Perform Canary Deployments with AWS App Mesh on Amazon ECS Fargate

Yi Ai

In this article, I will walk you through all the steps required to perform canary deployments on Amazon ECS / Fargate with AWS App Mesh.

Canary deployments are a pattern for rolling out releases to a subset of users or servers. In this way, new features and other updates can be tested before it goes live for the entire user base.

We are going to deal with a Flask restful api. Once the api application is signed off for new release, only a few users are routed to new version. If no errors reported, we will roll out the new version to the rest of the users.

  • /api – api handler
  • /api-gateway – api gateway
  • Basic understanding of Docker
  • Basic understanding of CloudFormation
  • Setup an AWS account
  • Install latest aws-cli
  • Configure aws-cli to support App mesh APIs
  • jq installed

You can find all complete project in my GitHub repo.

First, We will setup a VPN with public subnets. If you like to set up ECS tasks in VPC with private subnets and NAT gateway, please read this tutorial from AWS team.

Now, let’s start to a CloudFormation template ecs-vpc.yaml:

then run the aws cloudformation create-stack command to create a stack:

$ aws cloudformation create-stack --stack-name flask-sample --template-body file://ecs-vpc.yaml --profile YOUR_PROFILE --region YOUR_REGION

AWS App Mesh is a service mesh that provides application-level networking to make it easy for your services to communicate with each other across multiple types of compute infrastructure. App Mesh standardizes how your services communicate, giving you end-to-end visibility and ensuring high-availability for your applications.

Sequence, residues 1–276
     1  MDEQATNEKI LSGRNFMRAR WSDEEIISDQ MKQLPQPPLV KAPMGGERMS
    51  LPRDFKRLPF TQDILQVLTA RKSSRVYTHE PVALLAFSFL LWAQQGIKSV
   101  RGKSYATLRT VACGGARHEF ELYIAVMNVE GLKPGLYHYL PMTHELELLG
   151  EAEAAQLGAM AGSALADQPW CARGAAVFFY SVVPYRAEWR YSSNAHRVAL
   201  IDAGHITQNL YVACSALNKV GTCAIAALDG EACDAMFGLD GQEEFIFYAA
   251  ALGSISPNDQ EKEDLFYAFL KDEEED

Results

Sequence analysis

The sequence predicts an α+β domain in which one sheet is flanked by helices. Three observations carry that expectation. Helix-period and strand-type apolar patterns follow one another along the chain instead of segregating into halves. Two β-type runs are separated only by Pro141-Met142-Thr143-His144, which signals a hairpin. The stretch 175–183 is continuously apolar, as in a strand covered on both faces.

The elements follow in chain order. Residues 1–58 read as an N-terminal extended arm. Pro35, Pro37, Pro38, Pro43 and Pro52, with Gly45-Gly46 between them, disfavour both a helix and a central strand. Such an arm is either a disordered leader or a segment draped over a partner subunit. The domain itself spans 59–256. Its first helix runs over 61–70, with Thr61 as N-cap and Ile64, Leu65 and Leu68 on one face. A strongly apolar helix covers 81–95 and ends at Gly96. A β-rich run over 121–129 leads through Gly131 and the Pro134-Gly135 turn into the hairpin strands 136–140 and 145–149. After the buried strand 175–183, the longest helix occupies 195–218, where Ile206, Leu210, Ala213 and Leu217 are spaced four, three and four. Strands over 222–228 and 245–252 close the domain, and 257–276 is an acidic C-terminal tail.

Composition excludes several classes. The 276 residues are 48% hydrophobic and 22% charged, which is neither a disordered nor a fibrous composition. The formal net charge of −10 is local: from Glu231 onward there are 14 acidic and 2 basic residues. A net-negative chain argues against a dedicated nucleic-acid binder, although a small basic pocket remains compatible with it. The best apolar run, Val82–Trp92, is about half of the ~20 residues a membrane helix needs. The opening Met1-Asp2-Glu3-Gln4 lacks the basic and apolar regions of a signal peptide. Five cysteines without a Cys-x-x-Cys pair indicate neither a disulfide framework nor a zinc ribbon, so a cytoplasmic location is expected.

The following CF template app-mesh.yaml will be used to create an mesh, virtual service, virtual router, corresponding route and virtual nodes for our api application:

Run the aws cloudformation create-stack command to create the mesh stack:

$ aws cloudformation create-stack --stack-name flask-app-mesh --template-body file://app-mesh.yaml --profile YOUR_PROFILE --region YOUR_REGION

Before we can deploy our services, we will need to deploy the docker images to ECR image repositories so that ECS would use them to create Task definition.

Go to api api/ directory , create bash script to deploy api image to ECR api repository:

$ ./api/

Then move to api-gateway/ directory, create a bash script to deploy gateway image to ECR gateway repository:

$ ./api-gateway/

Task Definition is a blueprint that describes how a docker container should launch. We will need to create ECS task definitions for our gateway and api handlers and make tasks to be compatible with App Mesh and Xray.

Below is example JSON for Amazon ECS task definition of Flask gateway:

Now, we need to create a bash script to create api gateway task definition, then run command ./

#!/bin/bashset -exDIR="$( cd "$( dirname "${BASH_SOURCE[0]}" )" >/dev/null && pwd )"AWS_DEFAULT_REGION="YOUR_REGION"
cluster_stack_output=$(aws --profile "${AWS_PROFILE}" --region "${AWS_DEFAULT_REGION}"
cloudformation describe-stacks --stack-name "flask-sample"
| jq '.Stacks[].Outputs[]')
task_role_arn=($(echo $cluster_stack_output
| jq -r 'select(.OutputKey == "TaskIamRoleArn") | .OutputValue'))
echo ${task_role_arn}execution_role_arn=($(echo $cluster_stack_output
| jq -r 'select(.OutputKey == "TaskExecutionIamRoleArn") | .OutputValue'))
ecs_service_log_group=($(echo $cluster_stack_output